Micro-LED panels, which feature miniature light-emitting diode arrays with smaller, brighter modules and improved response speed, are also the next-generation target for Samsung and Facebook’s Oculus, but still remain rare in the market due to technical challenges.
Samsung’s long-term LED partner Lumens is one of a handful of companies that are ready to commercialize Micro-LED technologies this year for an automotive head-up display.
|Jung Tae-hong, president of Lumens|
“We plan to launch the world’s first high-definition, automotive head-up display using Micro-LED technology by the end of this year,” said Jung Tae-hong, president of Lumens, in an interview with The Korea Herald.
Automotive head-up display, or HUD, is a transparent display that presents data in automobiles without requiring users to look away from their usual viewpoints. HUD consists of a windshield type that displays digital transparent images on a car’s windshield and a combiner type in which the image is shown on a small, transparent plastic disc called a combiner instead of the windshield itself.
Lumens said Micro-LED panels are suitable for HUD as they can better withstand high temperatures and provide better readability under direct sunlight than liquid-crystal displays currently used for HUD.
“We will first unveil the combiner type of HUD for the automotive aftermarket this year and will expand into the windshield or built-in type in cars within two to three years,” Jung said.
Lumens said it is now in talks with local and global automakers to provide the windshield type of HUD and that it is highly likely to see the windshield HUD built in for some automakers in three years.
With the focus on the automotive HUD market, the tech firm aims to see a turnaround in three years.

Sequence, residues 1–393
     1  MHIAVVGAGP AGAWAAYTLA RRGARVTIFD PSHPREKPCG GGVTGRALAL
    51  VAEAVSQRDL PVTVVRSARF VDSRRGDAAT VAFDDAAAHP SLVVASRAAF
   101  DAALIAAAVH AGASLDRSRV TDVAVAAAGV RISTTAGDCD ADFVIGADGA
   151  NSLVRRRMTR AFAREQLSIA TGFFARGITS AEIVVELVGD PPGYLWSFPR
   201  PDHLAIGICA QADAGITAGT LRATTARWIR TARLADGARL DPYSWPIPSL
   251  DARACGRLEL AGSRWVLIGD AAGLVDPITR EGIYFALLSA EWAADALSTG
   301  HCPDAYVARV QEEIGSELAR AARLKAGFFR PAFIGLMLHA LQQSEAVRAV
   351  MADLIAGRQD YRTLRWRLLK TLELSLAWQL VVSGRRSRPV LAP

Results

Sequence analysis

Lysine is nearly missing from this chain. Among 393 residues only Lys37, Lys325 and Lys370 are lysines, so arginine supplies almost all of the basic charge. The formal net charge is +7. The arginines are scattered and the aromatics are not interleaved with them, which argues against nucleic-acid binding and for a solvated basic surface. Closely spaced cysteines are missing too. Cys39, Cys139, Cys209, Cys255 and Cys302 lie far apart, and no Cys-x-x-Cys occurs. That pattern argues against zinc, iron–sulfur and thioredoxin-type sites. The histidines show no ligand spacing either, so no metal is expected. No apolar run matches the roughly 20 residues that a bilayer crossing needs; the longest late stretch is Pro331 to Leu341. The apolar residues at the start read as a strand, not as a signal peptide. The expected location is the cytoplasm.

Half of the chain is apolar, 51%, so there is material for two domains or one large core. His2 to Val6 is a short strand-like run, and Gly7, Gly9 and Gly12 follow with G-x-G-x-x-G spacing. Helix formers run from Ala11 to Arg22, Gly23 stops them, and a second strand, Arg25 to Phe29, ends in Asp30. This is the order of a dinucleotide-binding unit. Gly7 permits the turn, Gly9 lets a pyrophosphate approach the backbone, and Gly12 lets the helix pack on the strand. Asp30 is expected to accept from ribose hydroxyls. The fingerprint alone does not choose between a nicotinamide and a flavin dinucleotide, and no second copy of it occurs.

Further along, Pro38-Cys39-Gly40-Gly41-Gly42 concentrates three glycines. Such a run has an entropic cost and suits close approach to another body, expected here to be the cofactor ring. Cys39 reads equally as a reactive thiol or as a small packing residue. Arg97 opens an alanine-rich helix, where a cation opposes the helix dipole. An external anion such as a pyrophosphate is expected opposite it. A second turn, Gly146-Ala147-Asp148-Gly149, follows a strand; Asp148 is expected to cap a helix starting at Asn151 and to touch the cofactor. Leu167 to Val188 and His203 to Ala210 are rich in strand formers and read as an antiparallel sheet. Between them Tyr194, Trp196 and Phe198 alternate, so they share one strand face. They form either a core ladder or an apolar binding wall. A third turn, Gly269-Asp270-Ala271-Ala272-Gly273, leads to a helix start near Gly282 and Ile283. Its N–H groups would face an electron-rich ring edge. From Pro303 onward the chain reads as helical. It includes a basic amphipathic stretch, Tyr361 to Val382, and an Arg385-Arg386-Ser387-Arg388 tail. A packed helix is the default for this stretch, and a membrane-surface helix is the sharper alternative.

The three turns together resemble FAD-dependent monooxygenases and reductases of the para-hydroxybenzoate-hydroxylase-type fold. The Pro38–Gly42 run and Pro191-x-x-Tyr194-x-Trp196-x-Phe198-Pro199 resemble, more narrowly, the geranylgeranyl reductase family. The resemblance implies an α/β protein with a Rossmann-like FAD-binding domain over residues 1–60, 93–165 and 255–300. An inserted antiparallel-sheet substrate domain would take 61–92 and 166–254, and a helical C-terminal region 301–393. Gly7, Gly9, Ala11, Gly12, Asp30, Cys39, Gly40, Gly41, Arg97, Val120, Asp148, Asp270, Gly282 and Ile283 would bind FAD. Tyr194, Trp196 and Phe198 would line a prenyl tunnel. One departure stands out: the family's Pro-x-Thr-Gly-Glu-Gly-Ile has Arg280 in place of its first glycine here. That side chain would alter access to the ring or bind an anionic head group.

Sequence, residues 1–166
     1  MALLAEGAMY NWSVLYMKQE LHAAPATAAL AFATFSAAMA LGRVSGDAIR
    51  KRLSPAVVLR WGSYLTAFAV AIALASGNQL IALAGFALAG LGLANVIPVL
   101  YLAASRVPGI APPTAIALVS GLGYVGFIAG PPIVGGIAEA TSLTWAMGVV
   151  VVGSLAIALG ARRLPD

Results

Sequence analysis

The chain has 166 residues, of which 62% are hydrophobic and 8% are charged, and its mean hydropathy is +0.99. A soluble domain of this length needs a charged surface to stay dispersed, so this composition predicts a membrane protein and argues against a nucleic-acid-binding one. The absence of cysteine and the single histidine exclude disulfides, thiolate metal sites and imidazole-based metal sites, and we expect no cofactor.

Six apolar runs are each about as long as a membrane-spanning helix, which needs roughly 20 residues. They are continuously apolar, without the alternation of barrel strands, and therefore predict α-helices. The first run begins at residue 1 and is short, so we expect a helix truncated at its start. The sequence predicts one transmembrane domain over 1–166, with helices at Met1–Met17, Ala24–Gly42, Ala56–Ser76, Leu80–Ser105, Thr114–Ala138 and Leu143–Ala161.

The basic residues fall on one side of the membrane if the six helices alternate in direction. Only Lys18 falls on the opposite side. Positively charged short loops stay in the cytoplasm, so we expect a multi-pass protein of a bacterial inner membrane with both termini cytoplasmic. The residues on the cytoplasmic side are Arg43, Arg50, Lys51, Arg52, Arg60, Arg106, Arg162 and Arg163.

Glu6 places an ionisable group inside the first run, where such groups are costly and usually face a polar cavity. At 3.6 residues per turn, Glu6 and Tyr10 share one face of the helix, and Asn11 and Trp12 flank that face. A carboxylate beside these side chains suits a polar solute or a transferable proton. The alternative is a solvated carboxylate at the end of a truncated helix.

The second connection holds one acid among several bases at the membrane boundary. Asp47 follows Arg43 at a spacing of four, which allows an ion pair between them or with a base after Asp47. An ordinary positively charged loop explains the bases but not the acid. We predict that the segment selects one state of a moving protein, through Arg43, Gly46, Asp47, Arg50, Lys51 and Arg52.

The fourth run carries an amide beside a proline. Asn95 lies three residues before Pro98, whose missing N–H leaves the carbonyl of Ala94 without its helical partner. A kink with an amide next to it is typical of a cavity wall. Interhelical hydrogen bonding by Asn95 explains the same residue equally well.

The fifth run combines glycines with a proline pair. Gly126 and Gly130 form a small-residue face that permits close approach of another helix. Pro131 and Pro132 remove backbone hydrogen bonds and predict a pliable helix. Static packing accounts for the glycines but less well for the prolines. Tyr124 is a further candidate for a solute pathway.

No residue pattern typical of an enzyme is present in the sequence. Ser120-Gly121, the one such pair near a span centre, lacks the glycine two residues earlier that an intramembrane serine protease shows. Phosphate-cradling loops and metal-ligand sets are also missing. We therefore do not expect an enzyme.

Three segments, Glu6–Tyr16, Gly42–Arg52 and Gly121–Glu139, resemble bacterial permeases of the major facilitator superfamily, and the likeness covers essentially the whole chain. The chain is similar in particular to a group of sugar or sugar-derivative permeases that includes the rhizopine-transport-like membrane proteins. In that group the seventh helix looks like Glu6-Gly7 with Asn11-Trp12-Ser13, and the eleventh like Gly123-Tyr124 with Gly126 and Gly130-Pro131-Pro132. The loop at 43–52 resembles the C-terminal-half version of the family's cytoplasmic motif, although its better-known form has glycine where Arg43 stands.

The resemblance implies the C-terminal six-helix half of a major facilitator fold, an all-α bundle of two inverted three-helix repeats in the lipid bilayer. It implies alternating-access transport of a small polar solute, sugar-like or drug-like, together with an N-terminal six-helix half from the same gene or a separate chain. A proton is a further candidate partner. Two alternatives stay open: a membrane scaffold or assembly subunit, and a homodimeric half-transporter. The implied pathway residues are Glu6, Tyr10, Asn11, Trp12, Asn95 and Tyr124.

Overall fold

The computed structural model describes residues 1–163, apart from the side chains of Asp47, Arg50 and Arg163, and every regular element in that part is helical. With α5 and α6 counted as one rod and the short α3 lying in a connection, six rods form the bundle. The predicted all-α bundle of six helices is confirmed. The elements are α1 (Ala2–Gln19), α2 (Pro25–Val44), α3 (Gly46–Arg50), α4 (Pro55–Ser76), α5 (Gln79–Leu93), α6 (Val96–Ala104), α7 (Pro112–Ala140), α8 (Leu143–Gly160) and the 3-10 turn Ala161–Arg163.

The global HUD market is predicted to grow 29.6 percent annually on average from 2015 to 2025 to reach 36 million units by 2025, according to US market research firm Tractica.
Lumens plans to expand the application of its Micro-LED technologies into more diverse devices beyond the head-up display.
Separately from HUD panels, the firm is also developing production technologies that make mass production faster and at a lower cost in partnership with the state-run Korea Institute of Machinery & Materials. The technology will be capable of picking and placing thousands of chips at a time to dramatically shorten production time. For instance, it would take only one hour to produce a 100-inch signage compared to traditional LED production that takes more than 30 days.
Industry watchers expect that Lumens’ Micro-LED technology will be used for a major manufacturer’s digital signage display panels possibly next year, although Lumens declined to make any related comments.
“We view the Micro-LED as the final destination for next-generation displays, considering its resolution and efficiency,” President Jung said, adding it has around 30 percent higher power and cost efficiency than LED.
The global Micro LED market is expected to grow 54.7 percent on an annual average from $250 million in 2017 to $19.9 billion by 2025, according to research firm MarketsandMarkets.
By Shin Ji-hye(firstname.lastname@example.org)